Recent research from BARC, shown in the diagram below, reveals the breadth of business areas for which Big Data is now highly relevant. Big Data has allowed more users to find more business insights from more data in less time.
Figure 1. BARC Research Survey Results on Big Data Use Cases (2015)
Some of these Apache projects – Spark, Flume, Kafka, Drill, Storm, and Flink, to name a few – have been developed to enhance and expand Hadoop’s capabilities. Additionally, DataTorrent made an announcement this past September that Apex was accepted as an Apache incubator project[ii] with the goal to improve upon Spark and Flink by addressing enterprise needs for a unified streaming and batch processing framework.[iii] This continued evolution has provided users abundant choices when selecting tools to solve Big Data problems. It has also caused confusion as to which tool is best suited for the job.
This blog is an attempt to sort through relevant Big Data technologies around Hadoop ecosystem based on secondary research[iv].
Hadoop Increased Rate of Releases over Time
Based on the releases from The Apache Software Foundation (ASF)[v], the open source community has released Hadoop at an increased rate in the last two years.
Hadoop Releases at a Glance (not include all minor releases)
|Release Time||Released Version|
From Hadoop 1.0 to Hadoop 2.0
As the most recognized big data system, Hadoop is constantly evolving. Hadoop 1.0 caught the attention from enterprise IT professionals because of its low-cost, high-capacity storage and massive computing power. It was a niche market player that was applicable to specific use cases. However, the arrival of Hadoop 2.0 added Operational Management capabilities. Hadoop 2.0 distilled resource management out of MapReduce 1.0 as YARN and separated it from the data processing engine (see Figure 2 below), In this way, Apache Hadoop 2.0 has become a promising data operating system that has the ability to be a real threat to the traditional data management systems.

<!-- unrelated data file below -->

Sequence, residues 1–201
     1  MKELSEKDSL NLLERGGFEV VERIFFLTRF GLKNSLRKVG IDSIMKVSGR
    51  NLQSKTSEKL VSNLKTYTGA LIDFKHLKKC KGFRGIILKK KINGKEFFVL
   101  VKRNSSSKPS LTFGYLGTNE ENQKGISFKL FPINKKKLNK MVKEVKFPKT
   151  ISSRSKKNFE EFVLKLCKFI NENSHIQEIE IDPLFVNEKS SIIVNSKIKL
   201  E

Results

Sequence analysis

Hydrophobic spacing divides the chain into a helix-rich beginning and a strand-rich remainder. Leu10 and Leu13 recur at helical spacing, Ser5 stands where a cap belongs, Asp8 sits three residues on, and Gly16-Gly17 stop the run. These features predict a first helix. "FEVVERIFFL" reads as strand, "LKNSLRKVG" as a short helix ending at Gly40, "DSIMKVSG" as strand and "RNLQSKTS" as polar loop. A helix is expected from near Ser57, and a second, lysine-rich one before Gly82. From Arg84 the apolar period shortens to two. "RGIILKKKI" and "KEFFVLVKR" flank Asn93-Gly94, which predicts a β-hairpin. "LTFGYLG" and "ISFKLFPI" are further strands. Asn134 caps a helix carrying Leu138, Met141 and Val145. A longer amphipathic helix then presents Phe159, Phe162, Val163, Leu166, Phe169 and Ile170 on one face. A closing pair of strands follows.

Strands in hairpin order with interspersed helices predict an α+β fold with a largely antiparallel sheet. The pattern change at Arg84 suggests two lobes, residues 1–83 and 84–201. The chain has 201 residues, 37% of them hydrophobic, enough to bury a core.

Figure 2. The Evolution of MapReduce in Hadoop 1.0 vs Hadoop 2.0
With YARN, it is now possible to run multiple applications in Hadoop instead of just MapReduce. Unlike previous improvements that targeted enhancements within Hadoop, multiple frameworks that can work as stand-alone cluster are popping up to enhance or replace MapReduce, the data processing engine in Hadoop. While leveraging Hadoop file system (HDFS) and resource management (YARN), these new data processing frameworks achieved the performance and enabled capabilities that are difficult to attain from Hadoop itself.
A Closer Look at Hadoop 2.0
Let’s take a look at the changes in Hadoop 2.0. In order to improve the performance of MapReduce jobs sent from Hive and Pig, Hadoop 2.0 replaced the Job Tracker and Task Tracker with ResourceManager (RM), ApplicationMaster(AM), NodeManager (NM), and JornalNodes. Other operational abilities from Hadoop 2.0 include Namenode High Availability, Snapshots and Federation.
The modern Hadoop system consists of three essential parts:
- The file system: HDFS
2. The resource management: YARN
3. The batch data processing engine: MapReduceAlthough there are many improvements from Hadoop 1.0 to Hadoop 2.0, the most significant one is the evolution of MapReduce to MapReduce NextGen aka MRv2 or YARN as ASF calls them[vi]. YARN stands for “Yet Another Resource Negotiator”.
In Hadoop 2.0, MapReduce is now one application instead of two. This is made possible by the new resource management model, YARN, using above RM, AM, etc. In addition, Mapper and Reducer slots are no longer statically predefined. Instead, containers are requested based on each application by AM from RM, and more specifically from the scheduler in RM. This allows more efficient resource utilization of the cluster.
However, despite these improvements, the bottleneck in real world applications continued to be MapReduce, the data processing engine part of the Hadoop system, due to its nature being a batch processing engine and its rigid programming paradigm. There are multiple innovations attempting to improve or replace MapReduce framework, such as Tez, Impala and Drill. There are also frameworks like Spark and Flink that are not designed for Hadoop but found their way to work seamlessly into the Hadoop cluster replacing MapReduce engine.
So, which engine should you use for your next job?